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Blood Test May Help Detect Alzheimer's Disease

Researchers Find a 'Biomarker Profile' That Is Typical of Alzheimer's Patients
By
WebMD Health News
Reviewed by Laura J. Martin, MD

Sept. 13, 2010 - A blood test may soon be able to detect early Alzheimer's disease, new findings suggest.

The blood contains no single marker for Alzheimer's disease, says Texas Tech Health Sciences Center researcher Sid E. O'Bryant, PhD.

But by looking at a number of different proteins in the blood, O'Bryant and colleagues have found a "biomarker profile" typical of people with Alzheimer's. By adding some basic demographic information about a patient, the test becomes even more accurate.

"In the near future, we will be able to provide a rapid, cost-effective, and accurate diagnosis of Alzheimer's disease using blood tests as well as some simple questions," O'Bryant tells WebMD. "It won't require a half day assessment in specialty clinic."

An earlier effort to develop a blood biomarker test for Alzheimer's disease showed promise in preliminary studies. But that test proved difficult to verify. O'Bryant says he's more hopeful about the current test, as samples were tested at a large commercial laboratory -- and as other researchers have begun to report results similar to his.

Indeed, the test was highly accurate at distinguishing people with Alzheimer's disease from people with no mental impairment. When combined with demographic data, it detected 94% of patients with Alzheimer's disease. However, it also had a false-positive rate of 16%.

Blood Test for Alzheimer's: Urgent Need for More Work

Nobody would be happier to see a simple blood test for Alzheimer's disease than Ralph Nixon, MD, PhD, director of the Silberstein Alzheimer's Institute at New York University. But Nixon cautions that the O'Bryant test needs more work.

"This test is not ready for the clinic at this point," Nixon cautions. "It would only add a modest amount of support to the currently available tools we have now. But the importance of this finding is that it is one step on the path to finding a blood test that able to indicate early Alzheimer's disease with some degree of certainty."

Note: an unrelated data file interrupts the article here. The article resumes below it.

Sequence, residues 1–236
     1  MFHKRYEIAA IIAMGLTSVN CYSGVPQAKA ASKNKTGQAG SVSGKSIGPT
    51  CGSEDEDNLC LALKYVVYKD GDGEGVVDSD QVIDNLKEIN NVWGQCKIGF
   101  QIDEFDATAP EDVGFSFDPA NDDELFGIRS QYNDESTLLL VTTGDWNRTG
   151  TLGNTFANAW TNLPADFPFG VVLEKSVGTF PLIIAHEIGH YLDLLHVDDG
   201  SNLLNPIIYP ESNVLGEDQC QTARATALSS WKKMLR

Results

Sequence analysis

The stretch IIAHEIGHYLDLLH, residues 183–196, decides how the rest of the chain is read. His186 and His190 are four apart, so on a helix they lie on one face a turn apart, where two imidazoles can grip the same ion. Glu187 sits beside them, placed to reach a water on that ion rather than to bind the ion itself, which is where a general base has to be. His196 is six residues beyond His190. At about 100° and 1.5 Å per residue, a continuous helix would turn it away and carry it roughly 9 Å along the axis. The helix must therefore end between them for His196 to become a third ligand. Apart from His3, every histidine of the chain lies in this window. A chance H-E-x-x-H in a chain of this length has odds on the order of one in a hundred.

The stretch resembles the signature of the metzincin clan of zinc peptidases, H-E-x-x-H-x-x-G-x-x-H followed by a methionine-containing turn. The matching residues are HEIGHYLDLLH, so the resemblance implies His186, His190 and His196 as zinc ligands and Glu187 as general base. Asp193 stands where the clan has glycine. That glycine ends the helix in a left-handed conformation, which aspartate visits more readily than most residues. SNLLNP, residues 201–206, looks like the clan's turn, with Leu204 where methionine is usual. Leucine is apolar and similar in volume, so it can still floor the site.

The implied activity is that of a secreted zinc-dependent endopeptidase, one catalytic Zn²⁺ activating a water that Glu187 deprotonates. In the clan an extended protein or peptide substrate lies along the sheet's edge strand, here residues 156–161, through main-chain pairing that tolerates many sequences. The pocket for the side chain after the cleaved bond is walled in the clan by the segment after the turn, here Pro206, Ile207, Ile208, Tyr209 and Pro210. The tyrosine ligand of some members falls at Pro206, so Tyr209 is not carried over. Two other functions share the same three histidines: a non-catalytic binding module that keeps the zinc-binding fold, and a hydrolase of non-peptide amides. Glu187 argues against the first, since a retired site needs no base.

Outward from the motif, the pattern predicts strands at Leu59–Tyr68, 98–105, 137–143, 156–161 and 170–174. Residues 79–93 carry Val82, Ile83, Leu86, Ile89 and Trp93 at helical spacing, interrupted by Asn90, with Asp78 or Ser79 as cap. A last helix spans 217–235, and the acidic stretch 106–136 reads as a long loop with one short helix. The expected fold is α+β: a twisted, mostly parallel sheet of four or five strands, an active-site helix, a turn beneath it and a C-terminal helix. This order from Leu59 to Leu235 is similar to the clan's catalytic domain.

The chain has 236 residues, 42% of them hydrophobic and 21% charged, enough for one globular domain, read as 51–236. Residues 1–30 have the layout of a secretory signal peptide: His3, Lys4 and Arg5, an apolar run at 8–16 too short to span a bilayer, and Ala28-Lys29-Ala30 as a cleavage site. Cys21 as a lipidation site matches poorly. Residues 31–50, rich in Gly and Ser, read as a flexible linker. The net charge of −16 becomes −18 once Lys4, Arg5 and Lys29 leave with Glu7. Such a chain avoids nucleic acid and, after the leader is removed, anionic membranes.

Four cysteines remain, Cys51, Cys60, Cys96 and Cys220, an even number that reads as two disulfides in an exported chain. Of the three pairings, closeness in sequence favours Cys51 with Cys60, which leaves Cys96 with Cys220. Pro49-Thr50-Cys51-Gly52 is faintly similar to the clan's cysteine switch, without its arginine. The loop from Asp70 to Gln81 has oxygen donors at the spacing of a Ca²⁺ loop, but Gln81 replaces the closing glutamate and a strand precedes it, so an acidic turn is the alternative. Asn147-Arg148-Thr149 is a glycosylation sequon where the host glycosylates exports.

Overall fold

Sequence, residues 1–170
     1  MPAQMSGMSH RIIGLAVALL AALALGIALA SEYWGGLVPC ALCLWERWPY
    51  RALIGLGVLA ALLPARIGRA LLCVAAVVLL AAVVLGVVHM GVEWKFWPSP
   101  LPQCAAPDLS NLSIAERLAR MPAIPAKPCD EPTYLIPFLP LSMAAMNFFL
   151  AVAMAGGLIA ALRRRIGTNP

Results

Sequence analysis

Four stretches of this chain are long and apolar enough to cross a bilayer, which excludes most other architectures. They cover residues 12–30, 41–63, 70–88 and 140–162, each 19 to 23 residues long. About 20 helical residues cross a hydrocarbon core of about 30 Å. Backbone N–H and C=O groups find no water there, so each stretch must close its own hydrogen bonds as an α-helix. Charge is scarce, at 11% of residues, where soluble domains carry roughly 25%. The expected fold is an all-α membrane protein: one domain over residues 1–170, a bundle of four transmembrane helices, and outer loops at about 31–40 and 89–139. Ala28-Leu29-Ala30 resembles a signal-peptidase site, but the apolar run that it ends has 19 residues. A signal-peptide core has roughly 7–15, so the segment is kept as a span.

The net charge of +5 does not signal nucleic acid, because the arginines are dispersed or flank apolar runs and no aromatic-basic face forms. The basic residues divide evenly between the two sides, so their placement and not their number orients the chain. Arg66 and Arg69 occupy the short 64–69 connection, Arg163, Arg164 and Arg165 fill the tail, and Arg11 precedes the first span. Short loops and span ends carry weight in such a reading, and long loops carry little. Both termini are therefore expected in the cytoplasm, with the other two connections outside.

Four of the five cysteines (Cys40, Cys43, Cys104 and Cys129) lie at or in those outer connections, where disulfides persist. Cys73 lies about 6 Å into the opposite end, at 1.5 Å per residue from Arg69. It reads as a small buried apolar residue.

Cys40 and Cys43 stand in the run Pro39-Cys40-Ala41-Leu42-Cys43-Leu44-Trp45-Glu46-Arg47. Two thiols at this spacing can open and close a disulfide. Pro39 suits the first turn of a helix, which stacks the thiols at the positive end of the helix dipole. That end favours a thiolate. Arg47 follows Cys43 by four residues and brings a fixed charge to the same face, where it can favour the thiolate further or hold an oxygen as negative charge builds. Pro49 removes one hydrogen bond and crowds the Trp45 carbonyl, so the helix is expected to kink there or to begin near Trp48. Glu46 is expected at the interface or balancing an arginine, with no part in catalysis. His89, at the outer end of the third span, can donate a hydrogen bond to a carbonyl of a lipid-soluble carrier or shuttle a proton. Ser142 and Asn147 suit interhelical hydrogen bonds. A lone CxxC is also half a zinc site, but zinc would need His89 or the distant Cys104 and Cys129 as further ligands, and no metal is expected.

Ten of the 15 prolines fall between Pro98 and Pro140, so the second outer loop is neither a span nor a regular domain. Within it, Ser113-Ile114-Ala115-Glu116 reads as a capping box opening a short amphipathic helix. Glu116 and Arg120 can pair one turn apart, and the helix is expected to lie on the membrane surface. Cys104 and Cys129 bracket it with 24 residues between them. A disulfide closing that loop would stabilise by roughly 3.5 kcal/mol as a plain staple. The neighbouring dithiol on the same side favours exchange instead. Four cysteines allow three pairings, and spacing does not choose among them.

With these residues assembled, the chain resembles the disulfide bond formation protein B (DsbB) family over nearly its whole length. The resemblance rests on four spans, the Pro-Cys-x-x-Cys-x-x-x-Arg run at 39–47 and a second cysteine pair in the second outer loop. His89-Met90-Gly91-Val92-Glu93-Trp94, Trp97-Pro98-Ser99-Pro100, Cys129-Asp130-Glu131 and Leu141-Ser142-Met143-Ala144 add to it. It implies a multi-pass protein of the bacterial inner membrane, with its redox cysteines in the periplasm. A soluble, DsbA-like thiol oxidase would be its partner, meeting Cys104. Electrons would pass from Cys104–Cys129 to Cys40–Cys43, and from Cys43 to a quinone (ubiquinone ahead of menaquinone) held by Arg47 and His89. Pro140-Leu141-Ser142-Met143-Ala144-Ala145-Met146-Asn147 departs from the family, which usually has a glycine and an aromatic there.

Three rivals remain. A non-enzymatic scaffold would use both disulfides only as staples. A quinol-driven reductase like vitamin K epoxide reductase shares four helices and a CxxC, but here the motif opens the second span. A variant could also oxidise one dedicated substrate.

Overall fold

O'Bryant notes that so far, the blood test has only been used to tell people with Alzheimer's disease from people who are mentally intact. He agrees with Nixon that the test's true test will be to see whether it can tell people with Alzheimer's disease from people with other forms of dementia -- and, more importantly, to see if it can tell whether or not a person with mild cognitive impairment is going to develop Alzheimer's disease.

That's O'Bryant's next step. His team already has patient blood samples and is ready to start testing them. All that's missing is the necessary funding.

Nixon, who was not involved in the O'Bryant study, hopes that funding comes soon for this and for other important areas of Alzheimer's research.

"It is incredibly important that we develop these biomarkers for early diagnosis and put in the necessary research to make this happen sooner rather than later," Nixon says. "We are falling behind in our need to address this Alzheimer's epidemic that is upon us right now. If we don't do it right now, we are going to suffer the consequences later."

O'Bryant and colleagues have filed for a patent on their Alzheimer's blood test, but declare no other relevant financial interests.

The findings are reported in the September issue of the Archives of Neurology.

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